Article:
All the news, tactics and scams for finance leaders to know about in November 2023.
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Each month, the team at Eftsure monitors the headlines for the latest accounts payable (AP) news. We bring you all the essential stories in our Security Report so your team can stay secure.
From April til September this year, Eftsure has detected a much higher average of fraud attempts per week – in fact, it’s the largest volume of fraud attempts we’ve seen to date. The ‘spike’ we saw during EOFY is looking less like a spike and more like a steady, long-term climb.
Our growing database of verified suppliers (brag) might be one reason for the raw number increase in detected fraud attempts. However, the proportionate rate of attempted fraud has still been far higher this year compared to the same period last year.
But there’s another factor at play. We’ve also seen rapid increases in fraud attempts that involve compromised email accounts belonging to financial controls and accounts payable officers. In June, we flagged the ‘double’ business email compromise (BEC) tactic in which scammers infiltrate both the target organisation’s systems and their supplier’s systems, enabling them to orchestrate more convincing, difficult-to-detect scams.
Even when the double BEC tactic isn’t used, fraudsters seem to be expanding their infiltration targets – after all, the more they can access your email, the more they know about your organisation and financial processes. And the more they know, the easier it will be to circumvent your controls and defraud your business.
Cybersecurity researchers have uncovered yet another malicious AI tool, similar to WormGPT (i.e. ChatGPT’s “evil twin”). Emerging around the same time as WormGPT in July 2023, the tool is designed for spear phishing, password cracking and more. It’s available on various dark web marketplaces and Telegram channels.
Researchers found evidence that it’s helping threat actors craft convincing malicious emails, a significant concern due to the prevalence of business email compromise (BEC) attacks. The tool also helps identify the most vulnerable targets, potentially sharpening scammers’ efforts and increasing fraud risks.
As we discussed in our deep dive on WormGPT, these tools are just a few examples of a booming black market in AI – specifically, generative AI models that are tailored for illicit activity.
Keep in mind that this is only text generation, too. Evolving alongside ChatGPT’s text-generation capabilities were other moderated tools like Midjourney. Are there already malicious AI tools that can generate convincing images or audio? And what will that mean for finance teams who depend on evidence to avoid falling into scammers’ traps? These are the sorts of questions we explored in a webinar earlier this year, and experts are warning that the worst is yet to come in AI-enabled scams.
On 19 September, federal finance minister Katy Gallagher introduced national digital identity legislation to parliament. The aim of the legislation is to establish a more cohesive, centrally managed Australian digital ID system, which the Australian Competition and Consumer Commission (ACCC) is likely to regulate.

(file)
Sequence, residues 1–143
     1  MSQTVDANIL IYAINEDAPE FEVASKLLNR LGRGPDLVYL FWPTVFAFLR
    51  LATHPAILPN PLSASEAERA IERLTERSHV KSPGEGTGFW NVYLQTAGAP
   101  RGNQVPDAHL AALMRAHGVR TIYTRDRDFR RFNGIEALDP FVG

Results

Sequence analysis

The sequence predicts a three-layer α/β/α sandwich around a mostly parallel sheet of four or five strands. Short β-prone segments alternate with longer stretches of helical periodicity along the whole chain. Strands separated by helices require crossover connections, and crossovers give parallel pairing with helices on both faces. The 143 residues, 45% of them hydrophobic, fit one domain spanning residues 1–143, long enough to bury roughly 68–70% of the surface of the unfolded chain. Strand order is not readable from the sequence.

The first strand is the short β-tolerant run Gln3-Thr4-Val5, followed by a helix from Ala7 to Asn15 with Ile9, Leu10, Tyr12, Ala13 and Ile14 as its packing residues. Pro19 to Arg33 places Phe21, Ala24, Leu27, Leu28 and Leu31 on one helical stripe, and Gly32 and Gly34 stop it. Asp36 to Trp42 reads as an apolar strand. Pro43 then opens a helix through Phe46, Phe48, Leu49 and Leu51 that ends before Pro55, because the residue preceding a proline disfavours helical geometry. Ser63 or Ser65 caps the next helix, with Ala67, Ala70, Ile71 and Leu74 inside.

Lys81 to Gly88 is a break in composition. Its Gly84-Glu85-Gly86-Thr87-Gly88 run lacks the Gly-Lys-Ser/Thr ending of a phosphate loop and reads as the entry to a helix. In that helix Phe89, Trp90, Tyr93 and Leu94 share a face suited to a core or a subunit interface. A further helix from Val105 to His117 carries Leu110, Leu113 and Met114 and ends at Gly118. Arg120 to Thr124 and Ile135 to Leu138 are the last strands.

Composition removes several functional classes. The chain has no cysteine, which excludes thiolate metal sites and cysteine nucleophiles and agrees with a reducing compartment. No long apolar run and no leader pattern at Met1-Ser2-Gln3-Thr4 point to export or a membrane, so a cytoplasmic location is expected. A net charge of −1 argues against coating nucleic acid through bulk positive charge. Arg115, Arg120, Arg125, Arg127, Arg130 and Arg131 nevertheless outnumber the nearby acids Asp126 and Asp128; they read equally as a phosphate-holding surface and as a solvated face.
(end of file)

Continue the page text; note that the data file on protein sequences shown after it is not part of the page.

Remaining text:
The staged rollout is meant to eventually see the private sector recognising myGovID during actions like opening a bank account. An even later phase will involve the government recognising private sector digital IDs.
Depending on how the project unfurls, this could be a helpful step for filtering out scam attempts. Moreover, the proposed Digital ID rules would require reporting cybersecurity incidents and fraudulent access of credentials – in other words, businesses stand to potentially gain some new protections as well as new reporting obligations.
Another day, another data breach. Disclosed not long after the Dymocks data breach, Pizza Hut’s chief executive officer has apologised to customers after confirming that hackers had stolen data relating to customer names, order details, delivery addresses, emails, phone numbers and “unusable masked credit card data.”
While the actual number of affected customers is much smaller than the hacking group’s touted one million, nearly 200,000 customers are still impacted. And while dark web denizens revealing your preference for Margherita versus Meat Lover might not sound scary, it’s important to remember that each bit of stolen data can help fraudsters cobble together more sophisticated scams.
After investing a sinus-clearing $530 million, the government will abandon the modernising business registers (MBR) program. Originally budgeted at $480 million, the MBR aimed to consolidate 30 Australian Securities and Investments Commission (ASIC) registers – encompassing the records of 2.6 million registered companies – with the Australian Business Register, which tracks 7.9 million active ABNs.
However, a recent report estimated that the project would culminate in a $2.8 billion total spend and run five years late, prompting the decision to scrap the project. Assistant Treasurer Stephen Jones said registry operations will continue under ASIC on a business-as-usual basis, and that the DirectorID program will remain unaffected.
The DirectorID program is designed to crack down on illegal phoenixing activity, a tactic that cyber-criminals sometimes use to quickly move stolen funds into irretrievable accounts and jurisdictions. Time will tell if future efforts yield stronger barriers against cyber-criminals and fraudsters.
With cybercrime on the rise, it’s critical to know what finance leaders are (and aren’t) doing to protect their organisations from digital …
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